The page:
In this context, the question of masturbation is an interesting one. Several church fathers (such as Nicodemus the Hagiorite) condemn it as "onanism," although scholars now agree that Onan's sin was avoiding a divinely-ordered impregnation (Gen. 38:10). The prevalence of masturbation--indeed, standard psychology texts describe it as developmentally normal--leads critics to complain that its proscription represents an impossible command. At the same time, the popularity of a sin does not prevent it from being a sin ("the way is narrow..."). Also, a few people apparently never masturbate, or succeed in resisting the impulse.
But why is masturbation a sin? In contrast to adultery or rape, what harm does it do? One answer is that a masturbator is probably also entertaining lustful thoughts--precisely the sin mentioned by Christ. The principle that sinful thoughts lead to sinful actions is widely recognized. But might one legitimately fantasize about one's spouse, or intended spouse? Or masturbate without thinking about anything at all? Unsurprisingly, perhaps, the question is not mentioned in the creeds, nor has Orthodoxy produced the equivalent of papal [[encyclical]] capable of finally deciding the matter.
The principle that sinful thoughts lead to sinful actions is widely recognized. It may be that some thoughts are not so much sinful as wasteful of time and energy; and that an Orthodox believer will naturally try to fill his or her life with positive influences, focusing on those things which truly matter. If lust is to be avoided, then how are Orthodox believers to approach courtship, dating, romance, and falling in love? Obviously, it is natural for such couples to feel sexual attraction for one another, and as long as this is the "price" of marriage, such feelings must be conceded to be good. What, then does the Church have to say about kissing--not to speak of progressively greater forms of non-marital intimacy? The answer is that various authorities have thundered against all such lapses; lovers have generally ignored their advice; and spiritual fathers try to manage such situations as best they can.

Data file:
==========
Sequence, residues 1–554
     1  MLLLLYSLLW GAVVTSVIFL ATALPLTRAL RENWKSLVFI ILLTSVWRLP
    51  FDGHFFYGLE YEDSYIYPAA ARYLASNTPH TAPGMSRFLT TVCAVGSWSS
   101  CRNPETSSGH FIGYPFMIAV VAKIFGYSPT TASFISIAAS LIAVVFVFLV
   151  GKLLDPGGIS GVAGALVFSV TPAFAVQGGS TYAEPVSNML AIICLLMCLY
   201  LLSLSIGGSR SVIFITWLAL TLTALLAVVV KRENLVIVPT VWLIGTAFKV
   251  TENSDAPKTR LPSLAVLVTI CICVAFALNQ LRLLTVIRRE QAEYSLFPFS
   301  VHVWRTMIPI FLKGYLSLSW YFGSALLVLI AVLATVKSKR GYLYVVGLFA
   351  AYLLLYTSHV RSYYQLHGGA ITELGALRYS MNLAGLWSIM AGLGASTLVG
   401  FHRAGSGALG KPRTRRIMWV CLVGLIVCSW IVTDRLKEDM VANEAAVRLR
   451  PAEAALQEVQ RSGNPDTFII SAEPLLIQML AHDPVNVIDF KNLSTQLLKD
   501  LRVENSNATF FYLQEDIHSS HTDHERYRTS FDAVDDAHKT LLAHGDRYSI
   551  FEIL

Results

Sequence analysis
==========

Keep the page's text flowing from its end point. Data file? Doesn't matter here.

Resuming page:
==Some illicit sex acts==
Many sex acts are proscribed ''de facto'' because their participants are not allowed to marry (or more precisely, because any marriages which they might attempt would not be recognized by the Church). For example, since the Church does not accept "gay marriage," all homosexual acts are therefore forbidden, sex being limited to marriage. The same could be said of sex between close relatives (including certain fictive kinships such as in-law, adoptive, or godparent relationships), or sex between humans and nonhumans. On the other hand, sex between Orthodox believers and non-Orthodox is not similarly proscribed, since mixed marriages are recognized (though not celebrated) by the Church. If an Orthodox believer happens to be married to a non-Orthodox, they are of course permitted to have sex. If that believer happens to be "married" to a same-sex partner, however, then the Church would tend not to accept that, even if their "marriage" were legally recognized. The status of a "Herodian" marriage is theologically murky.
Other sex acts are mentioned in various places as inherently illicit, even when performed by married couples. "Sodomy" is usually taken to refer to anal sex (including heterosexual), though depending on the context it might have other meanings.